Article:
But, if there are other files that Numbers can read, stored on my iCloud Drive, I can also access them. Tap the + button at the top-left of the window, tap iCloud Drive in the sheet that displays, and you see the iCloud Drive document picker, which shows all the folders in your iCloud Drive. You can navigate to different folders and open files they contain, if the app you’re in can read them.

Photo of iCloud Drive document picker on iOS

Let’s say you’re working on a Pages document on your iPad and your Mac, and you want to add some text to that document. You can put files in the Pages folder of your iCloud Drive on your Mac, and access them from within Pages on the iPad. If you want to add photos to a document, however, you’ll need to put them in the Photos app. You can use iCloud Photos or email them to yourself, and then, from Mail on the iPad, add the photos to your local Photos app.

iCloud Drive on the Web

You can also access files from iCloud Drive via a web browser. This is a great way to share files from your Mac or iOS device to other computers. Log into, click iCloud Drive, and you’ll see all your app folders. Open any of those folders, and you can export the files. You can also upload files to iCloud Drive in this manner.

Photo of iCloud Drive on the Web

Managing Files in iCloud Drive

Managing files in iCloud Drive can be tricky, for several reasons: different apps, and different devices, use varying methods to access them. For example, you’ve seen that iCloud Drive displays in the Finder sidebar, giving you quick access to your documents. But each iCloud-compatible app also gives you direct access to its files.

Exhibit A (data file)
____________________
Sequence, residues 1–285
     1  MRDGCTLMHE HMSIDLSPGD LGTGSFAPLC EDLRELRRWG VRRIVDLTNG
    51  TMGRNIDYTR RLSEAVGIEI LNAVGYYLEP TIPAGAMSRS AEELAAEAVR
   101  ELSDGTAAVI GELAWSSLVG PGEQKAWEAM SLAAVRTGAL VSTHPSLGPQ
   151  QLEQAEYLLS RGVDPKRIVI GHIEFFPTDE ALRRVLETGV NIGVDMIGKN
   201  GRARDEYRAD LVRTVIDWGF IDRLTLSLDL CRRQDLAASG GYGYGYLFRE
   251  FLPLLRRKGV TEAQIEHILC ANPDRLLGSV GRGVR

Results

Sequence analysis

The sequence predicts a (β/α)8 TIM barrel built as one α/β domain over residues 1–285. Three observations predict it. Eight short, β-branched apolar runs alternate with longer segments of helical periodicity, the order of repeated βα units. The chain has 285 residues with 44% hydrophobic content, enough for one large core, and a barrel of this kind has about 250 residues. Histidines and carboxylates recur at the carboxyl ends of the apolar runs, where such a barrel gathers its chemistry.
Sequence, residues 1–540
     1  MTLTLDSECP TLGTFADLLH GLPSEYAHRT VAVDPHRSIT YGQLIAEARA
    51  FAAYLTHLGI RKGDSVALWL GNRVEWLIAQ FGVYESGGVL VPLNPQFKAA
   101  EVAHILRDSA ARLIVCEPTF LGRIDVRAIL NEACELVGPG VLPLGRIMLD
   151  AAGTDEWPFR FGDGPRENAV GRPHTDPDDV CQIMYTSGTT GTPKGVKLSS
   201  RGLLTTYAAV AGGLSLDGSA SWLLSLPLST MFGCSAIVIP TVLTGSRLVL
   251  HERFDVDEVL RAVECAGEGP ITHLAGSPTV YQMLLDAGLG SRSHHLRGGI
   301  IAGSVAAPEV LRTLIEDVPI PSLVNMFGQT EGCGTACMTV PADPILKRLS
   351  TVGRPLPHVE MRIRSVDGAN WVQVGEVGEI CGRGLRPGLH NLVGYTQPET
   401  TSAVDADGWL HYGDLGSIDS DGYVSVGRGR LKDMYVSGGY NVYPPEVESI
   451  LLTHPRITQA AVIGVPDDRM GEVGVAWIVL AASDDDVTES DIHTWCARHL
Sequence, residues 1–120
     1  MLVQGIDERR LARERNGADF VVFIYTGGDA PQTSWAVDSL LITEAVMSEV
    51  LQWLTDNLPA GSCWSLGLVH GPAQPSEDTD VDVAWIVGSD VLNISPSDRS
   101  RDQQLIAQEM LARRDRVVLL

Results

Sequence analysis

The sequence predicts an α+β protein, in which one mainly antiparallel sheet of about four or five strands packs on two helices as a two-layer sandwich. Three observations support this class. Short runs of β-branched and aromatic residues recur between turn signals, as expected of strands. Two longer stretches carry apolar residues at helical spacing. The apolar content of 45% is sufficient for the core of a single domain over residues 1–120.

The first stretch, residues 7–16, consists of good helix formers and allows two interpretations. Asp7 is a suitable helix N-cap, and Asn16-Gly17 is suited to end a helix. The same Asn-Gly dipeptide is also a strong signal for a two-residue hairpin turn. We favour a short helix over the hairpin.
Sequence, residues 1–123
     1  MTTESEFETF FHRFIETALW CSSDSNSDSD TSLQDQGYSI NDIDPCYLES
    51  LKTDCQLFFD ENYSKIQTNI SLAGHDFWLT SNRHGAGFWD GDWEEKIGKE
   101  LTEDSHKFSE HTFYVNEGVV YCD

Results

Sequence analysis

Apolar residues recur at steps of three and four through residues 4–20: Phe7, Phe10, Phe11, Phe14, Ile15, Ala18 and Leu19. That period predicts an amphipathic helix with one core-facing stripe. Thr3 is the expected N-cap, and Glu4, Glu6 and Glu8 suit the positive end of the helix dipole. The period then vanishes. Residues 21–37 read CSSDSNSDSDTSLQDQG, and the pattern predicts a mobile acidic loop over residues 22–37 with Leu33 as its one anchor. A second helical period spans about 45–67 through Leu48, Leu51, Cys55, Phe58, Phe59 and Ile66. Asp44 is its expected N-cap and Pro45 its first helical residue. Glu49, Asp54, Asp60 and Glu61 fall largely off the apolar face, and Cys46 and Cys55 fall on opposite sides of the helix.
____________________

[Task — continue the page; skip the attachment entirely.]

If I open Preview in OS X, and press Command-O, the Open dialog shows Preview under iCloud, but also shows the iCloud Drive icon in the sidebar.


You can open files from iCloud Drive quickly using this sidebar item, or open files from another iCloud Drive folder by selecting iCloud Drive and navigating.

You can also move files from within an application. Open a file, and then choose File > Move To, and you can choose to move it to a different iCloud Drive folder, or to a folder in the Finder.

On iOS, you don’t have these options, so you can’t really manage files; they stay in the folders belonging to the apps that created them, or where you put them from your Mac.

iCloud Drive is a useful way of storing documents in the cloud, but it has limits. It’s not a receptacle like Dropbox, which lets you put files wherever you want, but if you’re using iCloud-compatible apps—such as Apple’s own apps—you may find that it makes sharing documents across devices a snap.

Further Reading: 

About Kirk McElhearn

Kirk McElhearn writes about Apple products and more on his blog Kirkville. He is co-host of the Intego Mac Podcast, as well as several other podcasts, and is a regular contributor to The Mac Security Blog, TidBITS, and several other websites and publications. Kirk has written more than two dozen books, including Take Control books about Apple's media apps, Scrivener, and LaunchBar. Follow him on Twitter at @mcelhearn. View all posts by Kirk McElhearn →